Here to discuss your return on time, and how dealers can increase efficiency as well as reduce turnover, is David Long, a veteran of the auto retail industry who has held top positions at several high volume dealer groups including Hansel Auto Group, located in California’s Bay area.
Jim Fitzpatrick: Hi everyone. Jim Fitzpatrick with CBT News. Thanks so much for joining me today. Today I’m excited to talk to Mr. David Long. He’s a veteran auto retail executive and leader over at Hansel Auto Group in the position of Executive General Manager. Thanks so much David, for joining us once again on CBT News.
David Long: Jim, it’s good to be here with you. Always like spending time together.
Jim Fitzpatrick: How’s your 2020 going so far?
David Long: We started out fairly strong.
Jim Fitzpatrick: Good. Came off of a great 2019 in the auto industry. 17 million SAAR, which is great. That wasn’t the retail SAAR per se, but all indications are that, or I should say that people that we’re talking to that are in the position of forecasting the future, tell us we’re probably going to be somewhere between 16.6 And maybe 16.8 for a SAAR. We might be off a little bit on new cars but used cars, will be picking up throughout the year and actually finished better than we did in 2019. Having said that, and I know that you’re kind of an efficiency nut, it’s really about running the dealerships as efficiently as we can. And I know you and I have talked before about the inefficiencies that happen in the variable side of the business. You’ve got a term that’s ROT, return on time. Talk to us a little bit about your philosophy there and what that means.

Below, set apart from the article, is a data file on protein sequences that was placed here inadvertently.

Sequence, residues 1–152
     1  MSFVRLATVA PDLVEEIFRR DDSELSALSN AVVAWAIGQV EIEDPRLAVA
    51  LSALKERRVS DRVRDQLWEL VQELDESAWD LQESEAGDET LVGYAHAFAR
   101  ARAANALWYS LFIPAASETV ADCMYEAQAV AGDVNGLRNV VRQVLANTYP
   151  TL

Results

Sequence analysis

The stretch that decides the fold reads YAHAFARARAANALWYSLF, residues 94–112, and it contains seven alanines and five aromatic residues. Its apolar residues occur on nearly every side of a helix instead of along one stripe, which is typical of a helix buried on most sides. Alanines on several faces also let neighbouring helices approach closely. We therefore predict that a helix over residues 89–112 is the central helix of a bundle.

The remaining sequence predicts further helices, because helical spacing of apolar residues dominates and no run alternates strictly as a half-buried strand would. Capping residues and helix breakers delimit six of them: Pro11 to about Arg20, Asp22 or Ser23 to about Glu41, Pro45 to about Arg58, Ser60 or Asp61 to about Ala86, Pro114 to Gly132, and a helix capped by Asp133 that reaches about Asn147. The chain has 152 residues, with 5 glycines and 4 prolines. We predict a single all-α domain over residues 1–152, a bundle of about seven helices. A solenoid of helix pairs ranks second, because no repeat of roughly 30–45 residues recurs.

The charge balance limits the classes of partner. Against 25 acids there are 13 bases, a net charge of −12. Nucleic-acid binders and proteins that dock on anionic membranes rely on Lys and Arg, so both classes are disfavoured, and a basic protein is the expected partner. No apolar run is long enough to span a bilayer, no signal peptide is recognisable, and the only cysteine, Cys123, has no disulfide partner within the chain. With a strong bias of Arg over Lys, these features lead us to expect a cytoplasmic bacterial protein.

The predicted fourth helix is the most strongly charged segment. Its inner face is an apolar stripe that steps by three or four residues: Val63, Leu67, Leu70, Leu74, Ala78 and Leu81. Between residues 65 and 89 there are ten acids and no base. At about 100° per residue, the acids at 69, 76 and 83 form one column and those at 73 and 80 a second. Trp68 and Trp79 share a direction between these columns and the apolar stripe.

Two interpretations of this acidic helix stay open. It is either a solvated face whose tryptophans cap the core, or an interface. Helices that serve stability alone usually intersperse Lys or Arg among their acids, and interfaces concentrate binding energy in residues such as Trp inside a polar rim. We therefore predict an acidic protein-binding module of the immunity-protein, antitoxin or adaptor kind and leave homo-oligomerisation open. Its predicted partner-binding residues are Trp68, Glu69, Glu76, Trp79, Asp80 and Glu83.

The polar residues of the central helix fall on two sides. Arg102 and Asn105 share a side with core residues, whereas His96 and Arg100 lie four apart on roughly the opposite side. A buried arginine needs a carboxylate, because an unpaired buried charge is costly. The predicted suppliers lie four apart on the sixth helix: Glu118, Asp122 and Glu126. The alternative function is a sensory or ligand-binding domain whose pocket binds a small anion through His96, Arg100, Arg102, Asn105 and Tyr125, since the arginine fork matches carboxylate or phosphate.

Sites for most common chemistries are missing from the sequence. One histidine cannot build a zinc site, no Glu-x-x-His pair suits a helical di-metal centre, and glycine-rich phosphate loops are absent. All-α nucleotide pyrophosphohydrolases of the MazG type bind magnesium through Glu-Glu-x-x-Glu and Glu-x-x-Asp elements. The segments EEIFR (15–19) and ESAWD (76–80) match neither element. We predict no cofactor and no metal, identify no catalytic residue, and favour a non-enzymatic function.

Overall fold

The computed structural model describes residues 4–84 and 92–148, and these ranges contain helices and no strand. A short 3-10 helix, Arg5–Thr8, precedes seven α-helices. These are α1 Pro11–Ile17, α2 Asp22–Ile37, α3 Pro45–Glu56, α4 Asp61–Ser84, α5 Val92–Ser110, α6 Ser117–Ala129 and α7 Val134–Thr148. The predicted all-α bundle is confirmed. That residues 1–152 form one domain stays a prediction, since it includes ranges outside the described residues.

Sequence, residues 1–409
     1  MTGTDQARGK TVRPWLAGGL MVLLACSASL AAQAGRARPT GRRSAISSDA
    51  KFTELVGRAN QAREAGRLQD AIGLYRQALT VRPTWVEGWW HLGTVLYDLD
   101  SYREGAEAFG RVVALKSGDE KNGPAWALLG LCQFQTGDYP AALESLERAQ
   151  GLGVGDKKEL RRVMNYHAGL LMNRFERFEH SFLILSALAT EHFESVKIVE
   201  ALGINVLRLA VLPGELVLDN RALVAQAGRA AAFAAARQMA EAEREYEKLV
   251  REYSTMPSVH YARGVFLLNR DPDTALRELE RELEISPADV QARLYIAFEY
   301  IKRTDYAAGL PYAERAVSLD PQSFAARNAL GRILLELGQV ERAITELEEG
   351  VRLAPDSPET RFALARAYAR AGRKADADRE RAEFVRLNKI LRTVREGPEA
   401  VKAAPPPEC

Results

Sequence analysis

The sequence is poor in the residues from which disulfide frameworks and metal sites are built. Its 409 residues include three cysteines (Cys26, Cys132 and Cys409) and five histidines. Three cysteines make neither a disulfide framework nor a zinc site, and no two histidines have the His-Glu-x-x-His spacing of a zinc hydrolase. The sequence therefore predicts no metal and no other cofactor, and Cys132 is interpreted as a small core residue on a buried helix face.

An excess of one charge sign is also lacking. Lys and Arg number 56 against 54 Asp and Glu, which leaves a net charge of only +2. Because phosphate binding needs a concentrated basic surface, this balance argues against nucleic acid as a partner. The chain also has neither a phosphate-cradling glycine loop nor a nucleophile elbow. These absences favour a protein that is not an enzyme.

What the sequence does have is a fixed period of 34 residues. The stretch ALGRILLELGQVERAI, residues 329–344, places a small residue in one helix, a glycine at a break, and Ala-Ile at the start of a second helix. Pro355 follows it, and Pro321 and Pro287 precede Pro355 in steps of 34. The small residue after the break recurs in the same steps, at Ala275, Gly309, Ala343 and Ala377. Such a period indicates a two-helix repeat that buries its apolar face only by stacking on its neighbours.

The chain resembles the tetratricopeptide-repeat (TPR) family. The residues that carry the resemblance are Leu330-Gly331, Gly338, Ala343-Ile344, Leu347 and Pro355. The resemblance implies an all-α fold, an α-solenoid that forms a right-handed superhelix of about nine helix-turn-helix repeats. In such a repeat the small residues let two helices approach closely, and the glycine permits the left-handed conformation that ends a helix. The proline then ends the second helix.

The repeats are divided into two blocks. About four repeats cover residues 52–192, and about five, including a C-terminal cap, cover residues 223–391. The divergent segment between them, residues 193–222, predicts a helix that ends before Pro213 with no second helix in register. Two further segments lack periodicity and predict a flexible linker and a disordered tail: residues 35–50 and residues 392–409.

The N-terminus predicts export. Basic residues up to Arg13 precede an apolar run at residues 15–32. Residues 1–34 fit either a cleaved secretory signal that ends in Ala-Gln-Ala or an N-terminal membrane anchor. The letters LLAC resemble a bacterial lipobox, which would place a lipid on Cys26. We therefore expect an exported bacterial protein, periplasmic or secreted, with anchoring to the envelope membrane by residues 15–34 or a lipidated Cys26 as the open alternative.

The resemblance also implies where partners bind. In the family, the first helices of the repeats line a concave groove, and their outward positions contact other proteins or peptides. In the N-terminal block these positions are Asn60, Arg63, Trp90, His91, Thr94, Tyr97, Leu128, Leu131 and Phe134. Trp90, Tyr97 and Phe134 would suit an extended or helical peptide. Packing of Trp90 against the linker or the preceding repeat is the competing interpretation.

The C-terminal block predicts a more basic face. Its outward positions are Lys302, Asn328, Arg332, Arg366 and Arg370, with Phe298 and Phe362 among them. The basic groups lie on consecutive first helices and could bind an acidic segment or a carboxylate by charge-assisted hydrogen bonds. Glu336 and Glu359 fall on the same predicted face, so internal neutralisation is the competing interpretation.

David Long: Okay. Jim, I had an absolute defining moment when I was digging into my variable or my fixed operations and identifying unapplied time, identifying service efficiencies. And I thought, wow, this is my 30th year and I’ve never once stopped to consider sales efficiency. And I started to put a pen to paper on number of salespeople times days worked, times hours in the day. And it was a staggering realization is if I started to measure the return on time on the sales side, like I do return on time on the service side, I could have a completely different business.